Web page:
The morning sunlight glistened off the meandering river as if the stars were sprinkled on the liquid surface. Turning from the sparkling water and scanning the shoreline, Obed recognized his friend a short distance away. “Jamon, how are you this morning?” he shouted.
Turning toward the familiar voice and seeing Obed and his son, Jamon replied, “Very well. I see you brought your boy to watch The Baptist. How is Melech today?”
As Obed walked down the sandy slope he answered, “Ask him. Today…” then he slipped, falling awkwardly on his rear-end. Laughing, though slightly embarrassed, he finished his reply, “…is a good day.”
After helping Obed up, Jamon turned to the boy and reached out to shake his hand.
“How are you Melech?” Jamon asked.
The autistic child looked aimlessly about as if watching a swirl of gnats and flatly replied, “Very well.”
Jamon smiled at his echoed words and patted the boy on the shoulder.
Obed was grateful for this friend who didn’t judge or criticize him for his son’s random fits and jabbering. Then he asked Jamon, “Is John here yet? There aren’t many people around.”
“It’s still early.” He replied.
“Early!” Melech repeated loudly.
“Yes it is. Good lad.” Obed said smiling.
Both men laughed gently at the boy’s outburst, while Melech smiled and said, “Good lad.”
“That’s right Melech. You are a good lad,” the two men responded in unison. Then looked at each other and laughed heartily at their harmony of thought.
Their laughter was broken when Obed noticed a stirring in the crowd. Tugging on Jamon's sleeve he said, “It looks like the preacher has arrived.”
Both men turned and watched Melech walk stiffly to the Jordan’s edge. Then they stared at the man clothed in camel hair entering the murky water.
Raising his arm and pointing at John, Melech said, “Good lad.”
Surprised by his son’s comment and not knowing what to say, Obed smiled and snickered. Then tipping his head toward the Baptist he said softly to Jamon, “Good lad…Eh?”
Suddenly, John shouted, “Behold the Lamb of God who takes away the sins of the world.”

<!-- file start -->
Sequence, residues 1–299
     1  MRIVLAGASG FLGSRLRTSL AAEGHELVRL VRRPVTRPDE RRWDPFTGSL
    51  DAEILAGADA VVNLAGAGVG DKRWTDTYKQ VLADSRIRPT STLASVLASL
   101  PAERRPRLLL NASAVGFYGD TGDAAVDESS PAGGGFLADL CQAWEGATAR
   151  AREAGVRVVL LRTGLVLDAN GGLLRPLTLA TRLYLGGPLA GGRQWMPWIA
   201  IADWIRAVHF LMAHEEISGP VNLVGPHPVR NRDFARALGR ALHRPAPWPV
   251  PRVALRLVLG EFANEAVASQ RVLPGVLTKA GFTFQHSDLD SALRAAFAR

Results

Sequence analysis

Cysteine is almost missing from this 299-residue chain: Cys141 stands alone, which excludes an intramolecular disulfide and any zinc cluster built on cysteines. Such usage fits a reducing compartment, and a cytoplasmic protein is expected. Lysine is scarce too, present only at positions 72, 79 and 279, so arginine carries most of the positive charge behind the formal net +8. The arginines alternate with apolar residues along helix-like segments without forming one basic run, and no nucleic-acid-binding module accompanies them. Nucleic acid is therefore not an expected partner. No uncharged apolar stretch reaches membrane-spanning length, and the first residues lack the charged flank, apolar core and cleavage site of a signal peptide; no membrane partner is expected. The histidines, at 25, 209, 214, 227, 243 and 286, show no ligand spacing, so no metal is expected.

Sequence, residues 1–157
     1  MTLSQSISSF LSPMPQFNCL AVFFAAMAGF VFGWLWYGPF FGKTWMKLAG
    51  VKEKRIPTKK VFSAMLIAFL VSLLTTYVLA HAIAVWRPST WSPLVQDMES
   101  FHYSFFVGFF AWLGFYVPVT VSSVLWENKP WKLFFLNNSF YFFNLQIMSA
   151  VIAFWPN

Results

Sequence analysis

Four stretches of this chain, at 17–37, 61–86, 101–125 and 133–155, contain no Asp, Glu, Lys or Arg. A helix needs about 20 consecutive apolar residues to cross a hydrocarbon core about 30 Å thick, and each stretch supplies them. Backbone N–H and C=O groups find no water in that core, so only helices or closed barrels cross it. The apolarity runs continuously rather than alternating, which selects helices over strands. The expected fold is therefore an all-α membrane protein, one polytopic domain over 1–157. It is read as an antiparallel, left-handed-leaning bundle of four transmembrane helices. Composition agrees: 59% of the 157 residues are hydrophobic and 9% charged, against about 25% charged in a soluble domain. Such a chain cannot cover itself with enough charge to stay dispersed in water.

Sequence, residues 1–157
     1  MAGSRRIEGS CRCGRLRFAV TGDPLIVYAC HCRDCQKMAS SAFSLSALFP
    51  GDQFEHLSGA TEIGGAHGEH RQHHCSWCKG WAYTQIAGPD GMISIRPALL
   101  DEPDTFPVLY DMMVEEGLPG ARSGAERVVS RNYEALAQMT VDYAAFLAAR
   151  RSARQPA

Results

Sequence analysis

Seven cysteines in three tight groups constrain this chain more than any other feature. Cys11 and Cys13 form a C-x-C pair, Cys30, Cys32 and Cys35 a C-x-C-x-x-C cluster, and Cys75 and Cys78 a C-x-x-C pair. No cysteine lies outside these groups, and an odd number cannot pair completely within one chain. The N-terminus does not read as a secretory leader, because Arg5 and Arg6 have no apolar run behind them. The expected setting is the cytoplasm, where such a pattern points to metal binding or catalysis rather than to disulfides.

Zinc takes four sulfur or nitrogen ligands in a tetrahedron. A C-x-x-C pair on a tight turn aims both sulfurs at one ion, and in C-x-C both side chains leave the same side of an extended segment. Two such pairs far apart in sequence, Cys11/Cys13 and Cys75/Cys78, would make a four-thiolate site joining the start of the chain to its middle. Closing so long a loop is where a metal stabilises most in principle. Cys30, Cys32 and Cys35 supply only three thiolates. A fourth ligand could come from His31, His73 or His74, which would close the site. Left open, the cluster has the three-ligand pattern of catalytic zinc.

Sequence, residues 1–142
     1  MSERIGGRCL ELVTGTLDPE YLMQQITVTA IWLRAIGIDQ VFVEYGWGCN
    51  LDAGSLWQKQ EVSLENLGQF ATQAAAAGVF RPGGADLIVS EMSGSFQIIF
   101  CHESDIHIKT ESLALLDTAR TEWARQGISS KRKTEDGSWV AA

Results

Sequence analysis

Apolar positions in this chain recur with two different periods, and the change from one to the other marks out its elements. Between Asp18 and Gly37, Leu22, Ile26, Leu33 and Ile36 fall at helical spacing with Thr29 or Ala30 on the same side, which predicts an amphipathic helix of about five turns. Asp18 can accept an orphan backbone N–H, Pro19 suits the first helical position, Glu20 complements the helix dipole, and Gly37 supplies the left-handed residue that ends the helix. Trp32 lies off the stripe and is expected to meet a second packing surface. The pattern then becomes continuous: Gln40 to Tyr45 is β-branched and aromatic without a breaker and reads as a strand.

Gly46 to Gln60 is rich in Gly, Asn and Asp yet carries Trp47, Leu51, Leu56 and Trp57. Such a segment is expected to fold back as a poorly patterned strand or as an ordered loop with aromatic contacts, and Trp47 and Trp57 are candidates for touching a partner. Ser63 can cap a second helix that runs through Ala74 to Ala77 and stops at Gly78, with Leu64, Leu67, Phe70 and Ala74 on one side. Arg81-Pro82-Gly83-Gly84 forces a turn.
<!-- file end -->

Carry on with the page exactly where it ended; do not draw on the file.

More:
Jamon and Obed looked where the itinerant pointed. The growing crowd slowly parted as the man called ’Jesus’ passed thru and walked into the water. Stillness permeated the scene as the two men in the Jordan began to converse. John bowed his head as if in submission. Then he reached into the river with a cupped hand and gently poured water over Jesus’ head.
What’s he doing here?” Jamon asked.
“I don’t know, but something is very strange.” Obed replied.
Looking up, Jamon saw the sky appear to bend as if a portal opened to an unknown place. Then something descended. It had shape and dimension; familiar, yet not created. A presence of peace covered the area as every eye along both shorelines peered upward.
Suddenly, Melech pointed at Jesus and shouted, “The Lamb of God!”
“Quiet!” His father snapped pulling down the boys arm as people along the river turned and stared at the child.
Instantly, a rumbling voice filled the air. Jamon’s chest compressed with each word and Obed fell to his knees and wept. Melech lifted his eyes upward and raised both arms to the sky.
Time seemed to stop even as the collision of worlds drew to a close. Then Jamon asked in a trembling voice, “Obed, did you hear that?”
Weeping still, Obed weakly replied, “Yes, but I don’t understand.” Seeing Melech at the rivers edge in apparent worship, Obed wept more deeply and began to cover his head with sand at a new sense of unworthiness.
Then the boy proclaimed, “Behold the Lamb of God. This is my beloved Son.” Melech’s face went blank and he began to look around as before.
Moments later, Obed stood and wiped his face with his sleeve. Then he asked Jamon, “What has happened here? I sense great conviction.”
“I don’t know Obed. I don’t know, but Jesus has left.” he replied.
Not knowing what else to say, Obed took his son by the arm and said, “C’mon Melech. We have things to do.”
“Things to do.” the boy said flatly as the morning sunlight continued to dance on the rippling water.
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